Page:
The Most Memorable Thing
Today, I’ve decided to play a little game. I’m going to take the list of the books I’ve read from the 1001 list (the ones that currently have no review) and name off the first thing that I remember about each one. Sounds kind of fun, right? But I’m also hoping that it will reveal what is really memorable about each one, the one piece of the story that has really stuck with me.
And if you’ve read any of these, you can feel free to play along, too, in the comments section. Or write your own post with the books you’ve read and tell me about it. It would be interesting to see whether we all remember the same elements.
Of course, I’ll also be trying to keep this completely spoiler-free, so no worries!
Here We Go!
Things Fall Apart
Okonkwo. I remember that it took me a while to figure out how I should pronounce his name, and, after that, every single time I read it it just stuck out. On the more substantial side, I also remember the character himself: all of his traits, the way he made decisions, and the way he reacted to the events around him. I hadn’t read of any character quite like him before.
Pride and Prejudice
The scene where Elizabeth walks all the way to the Bingley’s house, even through the mud, just to visit her ill sister. I suppose it’s one of those scenes that really defines the character. Other scenes come to mind as well, like the hilarious proposal of Mr. Collins. Good stuff.
Jane’s departure. Not to spoil anything for those who haven’t read it, but I think that those who have know exactly what I’m talking about. Another big character moment, at least I thought so.
The Great Gatsby
The green light! And the color green in general, just for the huge importance it has in terms of symbolic value for that book. I can also never forget the scene where they all go to the city just to hang out and drink some mint juleps. They keep mentioning them over and over, and nobody ends up actually having one. Just a little detail that I personally thought was kind of funny.
Lord of the Flies
The skin-crawling war-dance thing that the boys did for hunting pigs. Complete with the chant. Ugh, I did not like that part, or that book, but it’s got a kind of savage power to it that I can’t quite explain.
The Scarlet Letter
Pearl the Faerie Child! Even though they never actually call her that in the book, it just fits way too well to pass over. Pearl is certainly a unique character, and not one to be forgotten.
Their Eyes Were Watching God
Why is it that I can only think of the ending? I mean, I remember the rest of the book, but the ending just sweeps everything else out of the water.
Brave New World
The bottled babies! The happy pills! The ritualized celebration of lust! Just all of these disturbing aspects of Huxley’s dystopian future. And more. Let’s not let the world turn into this, ok?
To Kill a Mockingbird
I really remember the way all the little gifts kept appearing inside the little hole in the tree. I’m not sure why I remember that over all the other things that happened, but maybe it’s because I was kind of young when I read it. I’m not sure that I really got the full impact. Or it could just be because the tree was pictured on the cover of the edition I read. You know.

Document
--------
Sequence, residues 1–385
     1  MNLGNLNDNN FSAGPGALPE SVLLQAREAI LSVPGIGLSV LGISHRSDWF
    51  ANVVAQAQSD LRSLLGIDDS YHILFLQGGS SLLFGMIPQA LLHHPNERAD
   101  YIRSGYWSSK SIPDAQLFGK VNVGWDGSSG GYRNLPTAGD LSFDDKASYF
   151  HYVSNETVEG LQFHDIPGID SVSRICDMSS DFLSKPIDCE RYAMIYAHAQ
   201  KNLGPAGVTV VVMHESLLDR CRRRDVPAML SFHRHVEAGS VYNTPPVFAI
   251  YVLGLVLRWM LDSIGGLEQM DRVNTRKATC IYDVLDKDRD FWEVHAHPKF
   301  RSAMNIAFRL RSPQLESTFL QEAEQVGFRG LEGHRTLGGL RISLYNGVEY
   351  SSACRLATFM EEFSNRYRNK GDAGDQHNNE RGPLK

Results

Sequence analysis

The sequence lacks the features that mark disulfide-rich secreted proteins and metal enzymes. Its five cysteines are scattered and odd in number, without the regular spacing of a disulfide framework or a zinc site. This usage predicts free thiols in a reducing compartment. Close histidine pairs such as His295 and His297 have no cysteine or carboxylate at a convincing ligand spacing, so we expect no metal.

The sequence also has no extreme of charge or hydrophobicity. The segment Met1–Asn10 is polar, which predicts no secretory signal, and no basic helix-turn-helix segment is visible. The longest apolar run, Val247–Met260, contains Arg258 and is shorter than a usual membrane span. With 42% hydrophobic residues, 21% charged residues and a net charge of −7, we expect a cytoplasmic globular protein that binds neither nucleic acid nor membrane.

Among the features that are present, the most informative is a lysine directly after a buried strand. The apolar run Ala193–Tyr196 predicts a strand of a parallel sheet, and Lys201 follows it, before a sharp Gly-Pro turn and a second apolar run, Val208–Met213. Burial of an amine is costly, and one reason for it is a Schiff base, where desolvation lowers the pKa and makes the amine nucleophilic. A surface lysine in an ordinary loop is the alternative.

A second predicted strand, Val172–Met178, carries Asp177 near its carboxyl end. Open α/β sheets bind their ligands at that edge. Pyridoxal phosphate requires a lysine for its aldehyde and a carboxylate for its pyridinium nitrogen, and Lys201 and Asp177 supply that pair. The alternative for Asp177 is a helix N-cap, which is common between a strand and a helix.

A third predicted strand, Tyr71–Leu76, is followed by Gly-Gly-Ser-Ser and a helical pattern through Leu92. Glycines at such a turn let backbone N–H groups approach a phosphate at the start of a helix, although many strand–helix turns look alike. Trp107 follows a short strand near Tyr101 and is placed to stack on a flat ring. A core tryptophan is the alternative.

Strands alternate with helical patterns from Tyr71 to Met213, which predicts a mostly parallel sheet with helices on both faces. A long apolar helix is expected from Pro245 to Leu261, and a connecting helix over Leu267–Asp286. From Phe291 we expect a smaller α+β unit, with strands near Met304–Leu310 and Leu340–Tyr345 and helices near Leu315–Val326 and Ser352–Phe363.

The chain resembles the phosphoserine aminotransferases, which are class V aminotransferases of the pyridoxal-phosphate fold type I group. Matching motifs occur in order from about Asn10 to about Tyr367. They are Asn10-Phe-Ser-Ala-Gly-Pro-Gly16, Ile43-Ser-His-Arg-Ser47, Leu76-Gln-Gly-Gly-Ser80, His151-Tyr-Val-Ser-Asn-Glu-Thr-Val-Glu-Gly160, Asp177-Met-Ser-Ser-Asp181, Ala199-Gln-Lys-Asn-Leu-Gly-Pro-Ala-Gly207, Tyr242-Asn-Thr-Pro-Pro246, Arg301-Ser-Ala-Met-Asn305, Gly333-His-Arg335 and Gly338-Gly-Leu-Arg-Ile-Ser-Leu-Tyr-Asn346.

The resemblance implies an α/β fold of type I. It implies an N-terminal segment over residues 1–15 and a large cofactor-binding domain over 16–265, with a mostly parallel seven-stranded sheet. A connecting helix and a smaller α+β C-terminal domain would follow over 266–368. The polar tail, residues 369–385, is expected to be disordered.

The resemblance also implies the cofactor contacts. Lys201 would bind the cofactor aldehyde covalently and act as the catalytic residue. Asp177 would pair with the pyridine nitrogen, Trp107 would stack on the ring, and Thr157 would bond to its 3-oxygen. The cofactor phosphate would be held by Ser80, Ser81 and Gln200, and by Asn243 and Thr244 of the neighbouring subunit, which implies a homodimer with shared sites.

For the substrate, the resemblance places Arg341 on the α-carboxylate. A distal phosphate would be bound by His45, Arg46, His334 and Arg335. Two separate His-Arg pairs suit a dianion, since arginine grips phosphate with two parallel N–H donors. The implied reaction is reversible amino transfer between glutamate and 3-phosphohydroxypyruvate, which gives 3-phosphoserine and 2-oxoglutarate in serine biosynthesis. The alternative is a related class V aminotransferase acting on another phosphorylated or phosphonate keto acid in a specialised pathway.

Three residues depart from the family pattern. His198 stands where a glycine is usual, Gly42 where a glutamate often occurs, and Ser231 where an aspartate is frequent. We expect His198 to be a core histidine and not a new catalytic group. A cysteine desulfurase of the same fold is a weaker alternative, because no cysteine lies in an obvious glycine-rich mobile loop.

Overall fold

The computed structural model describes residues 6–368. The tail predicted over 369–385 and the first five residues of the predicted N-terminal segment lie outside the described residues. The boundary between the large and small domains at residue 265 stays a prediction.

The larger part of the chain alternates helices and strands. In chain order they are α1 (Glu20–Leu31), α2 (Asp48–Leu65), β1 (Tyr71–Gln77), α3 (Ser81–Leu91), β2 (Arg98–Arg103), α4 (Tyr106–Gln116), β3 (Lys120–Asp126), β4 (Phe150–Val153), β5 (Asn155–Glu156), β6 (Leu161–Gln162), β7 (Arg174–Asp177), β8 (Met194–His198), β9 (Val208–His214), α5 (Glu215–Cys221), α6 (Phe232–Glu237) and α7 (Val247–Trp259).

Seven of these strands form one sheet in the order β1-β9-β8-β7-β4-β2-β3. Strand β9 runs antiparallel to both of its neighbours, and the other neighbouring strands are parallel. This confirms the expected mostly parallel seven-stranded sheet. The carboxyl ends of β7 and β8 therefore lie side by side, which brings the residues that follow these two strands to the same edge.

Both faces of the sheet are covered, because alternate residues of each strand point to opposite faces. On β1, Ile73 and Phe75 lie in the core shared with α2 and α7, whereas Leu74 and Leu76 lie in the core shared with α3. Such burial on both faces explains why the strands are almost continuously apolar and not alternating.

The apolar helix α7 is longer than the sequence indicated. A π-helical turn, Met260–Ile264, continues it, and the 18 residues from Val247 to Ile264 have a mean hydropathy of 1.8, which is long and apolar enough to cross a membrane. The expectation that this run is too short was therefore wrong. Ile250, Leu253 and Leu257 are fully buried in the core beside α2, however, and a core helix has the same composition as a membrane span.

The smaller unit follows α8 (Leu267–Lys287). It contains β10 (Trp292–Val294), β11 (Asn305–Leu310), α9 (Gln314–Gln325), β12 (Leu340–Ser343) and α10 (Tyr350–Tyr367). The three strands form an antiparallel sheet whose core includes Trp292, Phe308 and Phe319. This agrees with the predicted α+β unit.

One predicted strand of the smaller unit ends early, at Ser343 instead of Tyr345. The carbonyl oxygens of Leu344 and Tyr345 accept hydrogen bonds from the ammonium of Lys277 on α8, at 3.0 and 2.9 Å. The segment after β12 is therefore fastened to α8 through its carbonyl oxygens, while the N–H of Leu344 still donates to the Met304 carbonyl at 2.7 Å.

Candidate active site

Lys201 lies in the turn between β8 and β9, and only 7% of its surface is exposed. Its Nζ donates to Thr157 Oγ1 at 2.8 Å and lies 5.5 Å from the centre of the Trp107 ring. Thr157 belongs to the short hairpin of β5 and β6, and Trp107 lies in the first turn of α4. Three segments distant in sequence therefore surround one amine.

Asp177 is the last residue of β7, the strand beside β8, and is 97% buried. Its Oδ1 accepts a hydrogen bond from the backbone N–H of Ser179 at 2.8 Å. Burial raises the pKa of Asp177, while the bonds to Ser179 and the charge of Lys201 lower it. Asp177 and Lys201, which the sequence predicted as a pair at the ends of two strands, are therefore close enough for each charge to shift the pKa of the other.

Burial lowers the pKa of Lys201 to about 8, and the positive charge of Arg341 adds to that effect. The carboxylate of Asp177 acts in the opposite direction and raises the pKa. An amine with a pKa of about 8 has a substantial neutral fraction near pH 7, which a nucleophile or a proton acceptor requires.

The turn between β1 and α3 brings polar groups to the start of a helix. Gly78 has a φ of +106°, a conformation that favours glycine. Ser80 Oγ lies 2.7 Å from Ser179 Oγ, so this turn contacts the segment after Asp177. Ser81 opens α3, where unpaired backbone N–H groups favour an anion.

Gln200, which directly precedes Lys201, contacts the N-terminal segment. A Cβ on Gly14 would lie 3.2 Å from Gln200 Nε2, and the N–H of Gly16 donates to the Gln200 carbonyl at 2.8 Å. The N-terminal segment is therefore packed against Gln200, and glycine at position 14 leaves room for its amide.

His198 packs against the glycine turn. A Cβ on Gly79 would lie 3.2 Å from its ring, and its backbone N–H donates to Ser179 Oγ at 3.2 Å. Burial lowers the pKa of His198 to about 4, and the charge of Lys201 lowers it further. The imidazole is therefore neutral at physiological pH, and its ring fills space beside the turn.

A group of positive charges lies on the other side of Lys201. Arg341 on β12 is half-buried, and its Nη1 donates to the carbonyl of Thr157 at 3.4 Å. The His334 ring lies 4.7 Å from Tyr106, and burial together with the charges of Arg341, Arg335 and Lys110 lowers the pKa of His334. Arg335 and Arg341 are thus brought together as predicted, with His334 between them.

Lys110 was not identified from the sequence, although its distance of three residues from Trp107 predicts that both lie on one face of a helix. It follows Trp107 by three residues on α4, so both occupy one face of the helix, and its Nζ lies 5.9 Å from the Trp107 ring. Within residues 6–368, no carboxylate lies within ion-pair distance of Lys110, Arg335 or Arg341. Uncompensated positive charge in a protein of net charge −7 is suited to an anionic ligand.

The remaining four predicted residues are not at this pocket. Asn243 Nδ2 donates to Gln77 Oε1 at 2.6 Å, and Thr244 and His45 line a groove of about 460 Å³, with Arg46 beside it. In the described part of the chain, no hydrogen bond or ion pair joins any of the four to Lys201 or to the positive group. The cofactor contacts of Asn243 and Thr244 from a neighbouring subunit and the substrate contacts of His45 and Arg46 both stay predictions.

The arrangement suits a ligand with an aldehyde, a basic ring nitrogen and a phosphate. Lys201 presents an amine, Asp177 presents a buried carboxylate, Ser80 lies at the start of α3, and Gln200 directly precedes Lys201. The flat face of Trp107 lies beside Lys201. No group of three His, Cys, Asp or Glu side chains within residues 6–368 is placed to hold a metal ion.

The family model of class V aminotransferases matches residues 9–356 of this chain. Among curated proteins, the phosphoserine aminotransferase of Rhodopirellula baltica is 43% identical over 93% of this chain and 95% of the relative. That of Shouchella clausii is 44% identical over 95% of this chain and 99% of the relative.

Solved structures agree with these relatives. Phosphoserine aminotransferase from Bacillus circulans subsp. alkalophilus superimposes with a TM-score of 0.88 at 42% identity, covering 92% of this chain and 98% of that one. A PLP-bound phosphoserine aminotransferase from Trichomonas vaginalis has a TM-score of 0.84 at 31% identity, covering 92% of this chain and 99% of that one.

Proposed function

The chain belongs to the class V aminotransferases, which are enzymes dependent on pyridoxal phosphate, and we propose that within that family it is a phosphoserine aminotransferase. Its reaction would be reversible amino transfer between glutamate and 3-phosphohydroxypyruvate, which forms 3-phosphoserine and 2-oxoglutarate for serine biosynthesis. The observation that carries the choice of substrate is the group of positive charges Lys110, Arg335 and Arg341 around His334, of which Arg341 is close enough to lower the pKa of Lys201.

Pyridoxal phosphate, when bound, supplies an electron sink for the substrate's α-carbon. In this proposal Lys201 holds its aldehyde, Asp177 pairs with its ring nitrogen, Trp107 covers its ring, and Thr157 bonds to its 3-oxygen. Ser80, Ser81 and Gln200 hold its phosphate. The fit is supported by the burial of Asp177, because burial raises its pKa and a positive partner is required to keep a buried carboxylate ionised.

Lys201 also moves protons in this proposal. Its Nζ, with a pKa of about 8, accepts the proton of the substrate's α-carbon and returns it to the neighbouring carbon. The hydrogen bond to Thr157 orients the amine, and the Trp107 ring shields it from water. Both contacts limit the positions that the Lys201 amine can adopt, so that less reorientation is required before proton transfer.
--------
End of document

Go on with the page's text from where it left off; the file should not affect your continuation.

Life of Pi
Tiger in a boat. Seriously, that’s the entire story. The end. Yeah, I’m joking, but, still, I found that book to be pretty boring. I guess if I had to pick a second it would be that really weird island where the ground at night was like acid and there were all those little mammals running around. I want to say meerkats, but I’m pretty sure that’s not right.
Correction, actually, a quick Google search reveals that I’m exactly right. Go me!
The Things They Carried
The water buffalo. Don’t ask. Just go read it and you’ll totally understand.
I’m going to have to go with the ending on this one, too. In my opinion, it’s just the crowning point in the story about a very messed up world.
Cry, the Beloved Country
Believe it or not, what’s sticking out for me at the moment is not a character or a piece of the plot but rather the passages that seemed to stop to have a chat. That’s really the best way I can think of to describe them without actually posting a full quote. Unfortunately, I don’t have a copy handy. So yes, it’s basically the language of them and the way they pause the story and yet somehow also manage to really tie it all together. A technique that I have never seen used elsewhere.
The Pit and the Pendulum
In a short story like this there aren’t as many options, so I’m going to settle for the obvious choice. The pendulum. Who reads that story and doesn’t remember it?
The Purloined Letter
The ultimate reveal. Meaning the location where the stolen letter has been hiding undetected from a thorough police search. But, of course, I can’t spoil that.
A Modest Proposal
I’ve always particularly liked the line that makes a jab at the English landlords: ” I grant this food will be somewhat dear, and therefore very proper for Landlords, who, as they have already devoured most of the Parents, seem to have the best Title to the Children.” I love a good satire.
And… the end!
I think this post has gotten to be quite long enough. But if this post is popular enough, I might make another one in the future for a few more of the 1001 books I’ve read. Let me know what you think.